The U.S. Court of Appeals for the Ninth Circuit recently held that buying a trademark keyword ad on search engines such as Google and Bing is a “use in commerce” potentially subjecting the purchaser to liability for trademark infringement under the Lanham Act. The decision in Network Automation, Inc. v. Advanced Sys. Corp., No. 10-55840 (9th Cir. Mar. 8, 2011) also clarified how courts should apply the multifactor likelihood of confusion test in this specific Internet setting. Becoming the first federal appeals court to address whether a keyword purchase and resulting advertisement under these programs constitutes infringement, the Court held that there was insufficient evidence of likely confusion to support the preliminary injunction that the district court had entered, and remanded the case.
Google’s AdWords and Bing’s Search Advertising Programs
Google’s AdWords and Bing’s search advertising programs sell space for advertising triggered by selected “keywords” in an Internet user’s search. This advertising appears above or alongside the first page of normal search results whenever the keyword appears in a search. The keywords selected for the advertising can be generic words (like “training shoes”) or trademark (like “SHAPE UPS”). Often purchasers of keyword advertising select competitors’ trademarks. The search engines typically display the resulting ads and links in a list separate from the normal search result list, under a heading such as “Sponsored Links” or “Ads.” The keyword purchaser provides the text for the advertisement. Trademark owners have sued the keyword advertising purchasers (and, on occasion, the search engine) alleging that this practice constitutes trademark infringement under the Lanham Act.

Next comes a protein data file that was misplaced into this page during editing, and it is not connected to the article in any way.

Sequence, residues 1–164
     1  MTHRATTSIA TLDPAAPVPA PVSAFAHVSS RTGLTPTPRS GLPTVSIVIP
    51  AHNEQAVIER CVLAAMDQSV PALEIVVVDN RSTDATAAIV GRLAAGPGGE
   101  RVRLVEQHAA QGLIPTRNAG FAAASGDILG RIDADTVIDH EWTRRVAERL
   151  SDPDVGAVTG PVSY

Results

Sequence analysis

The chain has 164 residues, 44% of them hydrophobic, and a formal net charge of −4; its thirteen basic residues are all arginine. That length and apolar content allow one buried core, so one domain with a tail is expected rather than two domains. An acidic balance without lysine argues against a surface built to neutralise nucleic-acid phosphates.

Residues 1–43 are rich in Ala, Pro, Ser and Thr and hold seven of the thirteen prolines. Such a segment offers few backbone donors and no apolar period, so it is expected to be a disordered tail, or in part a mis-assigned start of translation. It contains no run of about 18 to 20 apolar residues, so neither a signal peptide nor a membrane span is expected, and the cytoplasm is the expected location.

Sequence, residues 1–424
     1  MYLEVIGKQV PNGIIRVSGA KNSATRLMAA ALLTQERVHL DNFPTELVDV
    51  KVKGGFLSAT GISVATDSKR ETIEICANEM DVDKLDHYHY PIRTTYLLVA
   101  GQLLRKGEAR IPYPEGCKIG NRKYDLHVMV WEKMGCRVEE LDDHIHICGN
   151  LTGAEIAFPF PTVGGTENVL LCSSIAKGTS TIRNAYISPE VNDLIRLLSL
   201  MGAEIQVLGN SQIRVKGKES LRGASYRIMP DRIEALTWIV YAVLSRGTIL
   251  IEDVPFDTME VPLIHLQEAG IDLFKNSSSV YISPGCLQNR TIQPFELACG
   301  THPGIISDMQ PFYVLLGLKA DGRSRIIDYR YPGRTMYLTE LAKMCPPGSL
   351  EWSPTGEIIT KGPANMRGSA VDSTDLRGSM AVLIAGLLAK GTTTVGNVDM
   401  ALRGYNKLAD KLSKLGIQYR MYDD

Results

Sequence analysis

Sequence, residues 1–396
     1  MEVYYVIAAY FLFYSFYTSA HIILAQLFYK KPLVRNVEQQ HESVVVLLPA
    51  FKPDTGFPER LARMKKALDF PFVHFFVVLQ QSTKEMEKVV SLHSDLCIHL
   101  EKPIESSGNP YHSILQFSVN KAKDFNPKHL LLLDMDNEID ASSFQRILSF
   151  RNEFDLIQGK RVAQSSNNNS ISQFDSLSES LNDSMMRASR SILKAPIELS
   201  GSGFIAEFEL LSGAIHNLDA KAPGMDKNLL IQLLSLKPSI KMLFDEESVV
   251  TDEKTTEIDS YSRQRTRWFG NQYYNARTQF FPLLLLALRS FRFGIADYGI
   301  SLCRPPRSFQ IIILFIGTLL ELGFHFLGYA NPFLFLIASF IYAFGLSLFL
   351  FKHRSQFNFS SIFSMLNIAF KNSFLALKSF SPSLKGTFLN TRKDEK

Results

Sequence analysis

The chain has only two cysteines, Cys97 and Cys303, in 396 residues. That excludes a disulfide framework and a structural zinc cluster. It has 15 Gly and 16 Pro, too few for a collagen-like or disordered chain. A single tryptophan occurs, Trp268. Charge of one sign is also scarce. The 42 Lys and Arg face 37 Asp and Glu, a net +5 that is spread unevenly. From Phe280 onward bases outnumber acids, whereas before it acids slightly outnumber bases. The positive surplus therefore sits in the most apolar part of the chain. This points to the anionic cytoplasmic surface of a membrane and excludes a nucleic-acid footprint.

The Facts in the Network Automation Case
Advanced Systems owns the trademark ACTIVEBATCH for job-scheduling/event-monitoring software and services sold to businesses. Network Automation offers competing software and services under its AUTOMATE mark. After discovering that Network had purchased Advanced’s ACTIVEBATCH trademark as a keyword for Network’s advertisements, Advanced objected. Network sued for a declaration that its actions were lawful, and Advanced counterclaimed against Network for trademark infringement. No search engines are parties in the lawsuit. The district court found Network’s keyword purchase and resulting advertising was likely to confuse Internet searchers and preliminarily enjoined Network.
The Ninth Circuit’s Analysis
Use of a trademark in keyword advertising is a "use in commerce"
On appeal, the Ninth Circuit first agreed with the Second Circuit’s prior decision in Rescuecom Corp. v. Google Inc., 562 F.3d 123 (2d Cir. 2009) that use of another’s trademark as a keyword—an act invisible to Internet users—constitutes a “use in commerce,” thus potentially implicating the infringement provisions of the Lanham Trademark Act, 15 U.S.C. §§ 1114(1) & 1125(a).
Determining "likelihood confusion" when trademarks are used for keyword avertising